During his introduction in Animal Crackers, famous hunter and full-time schnorrer Jeffrey T. Spaulding – Groucho Marx – slyly observes that he could "set up a 75-cent meal that'll knock their eyes out. After we knock their eyes out we can charge whatever we want."
Apparently, the opportunistic capitalistic exploitation of the vision-impaired Groucho espouses in jest seems to be the serious business model adopted by an Israeli company called OrCam, which has just started selling a product called MyEye 2.0.
MyEye 2.0 is a fascinating and clever device designed to allow the vision-impaired to "see." About the size of pack of gum and weighing less than an ounce, MyEye 2.0 attaches magnetically to the temple of nearly any pair of glasses. You literally point a finger at what you want to read on paper, package or screen, and MyEye's camera "sees" the text, which is then softly dictated to the wearer via a small speaker at MyEye 2.0's ear-end.
MyEye 2.0 also recognizes faces (once you've stored an image of the individual), can identify paper money denominations, can tell you what color you're looking at, and recognizes when you make a looking-at-your-watch wrist turn and tells you the time. You control it via touch, it'll run for a couple of continual hours on a single recharge, and you get one-on-one personal orientation training.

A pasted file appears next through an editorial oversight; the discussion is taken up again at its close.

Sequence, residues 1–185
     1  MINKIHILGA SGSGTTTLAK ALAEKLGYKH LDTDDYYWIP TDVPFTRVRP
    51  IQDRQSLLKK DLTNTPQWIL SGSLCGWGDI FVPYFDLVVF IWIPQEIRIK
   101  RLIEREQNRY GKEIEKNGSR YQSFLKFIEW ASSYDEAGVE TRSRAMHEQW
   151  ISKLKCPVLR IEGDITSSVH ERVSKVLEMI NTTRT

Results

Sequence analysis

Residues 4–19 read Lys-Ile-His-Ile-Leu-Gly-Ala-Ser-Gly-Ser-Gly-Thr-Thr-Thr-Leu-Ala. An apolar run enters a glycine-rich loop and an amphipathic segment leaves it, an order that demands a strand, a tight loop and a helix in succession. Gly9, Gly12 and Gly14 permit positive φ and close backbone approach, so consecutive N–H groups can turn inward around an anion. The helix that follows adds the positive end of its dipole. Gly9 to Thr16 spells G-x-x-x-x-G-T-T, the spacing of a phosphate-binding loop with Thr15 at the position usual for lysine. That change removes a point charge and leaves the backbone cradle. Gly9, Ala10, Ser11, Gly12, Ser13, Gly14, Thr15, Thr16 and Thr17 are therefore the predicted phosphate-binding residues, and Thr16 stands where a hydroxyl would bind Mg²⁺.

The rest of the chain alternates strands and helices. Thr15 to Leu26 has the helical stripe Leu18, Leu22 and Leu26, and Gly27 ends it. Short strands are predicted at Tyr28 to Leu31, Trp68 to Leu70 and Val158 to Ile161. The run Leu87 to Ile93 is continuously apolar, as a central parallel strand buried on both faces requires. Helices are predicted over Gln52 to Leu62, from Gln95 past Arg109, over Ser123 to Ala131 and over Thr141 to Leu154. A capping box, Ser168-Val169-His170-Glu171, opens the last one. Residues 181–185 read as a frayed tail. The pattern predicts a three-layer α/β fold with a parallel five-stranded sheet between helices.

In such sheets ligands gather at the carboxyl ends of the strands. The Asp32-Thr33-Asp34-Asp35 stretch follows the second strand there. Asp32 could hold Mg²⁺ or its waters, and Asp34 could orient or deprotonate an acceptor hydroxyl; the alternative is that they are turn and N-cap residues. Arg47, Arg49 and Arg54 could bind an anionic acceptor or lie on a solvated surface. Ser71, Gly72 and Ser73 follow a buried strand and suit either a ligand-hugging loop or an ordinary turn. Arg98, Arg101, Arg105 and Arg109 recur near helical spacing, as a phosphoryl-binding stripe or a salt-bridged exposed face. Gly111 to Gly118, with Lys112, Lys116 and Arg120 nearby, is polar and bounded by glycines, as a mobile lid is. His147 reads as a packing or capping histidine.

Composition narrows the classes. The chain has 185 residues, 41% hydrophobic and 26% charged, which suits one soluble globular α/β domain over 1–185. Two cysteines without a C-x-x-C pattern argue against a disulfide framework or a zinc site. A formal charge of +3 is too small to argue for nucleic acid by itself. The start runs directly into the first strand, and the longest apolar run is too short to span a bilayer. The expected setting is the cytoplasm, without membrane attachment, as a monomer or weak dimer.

Remarkable. After seeing the demo, I was duly impressed. My mother suffers from macular degeneration, and she's been casting about for solutions. MyEye 2.0 seems like a compelling option.
Until I heard the price:
You read that right. $4,500.
Not only did this price offend me from a professional POV, from someone who has been writing about consumer tech for more than three decades. But I'm just plain pissed off on a personal level, as is likely anyone who is or knows someone whose life could be transformed by the MyEye 2.0.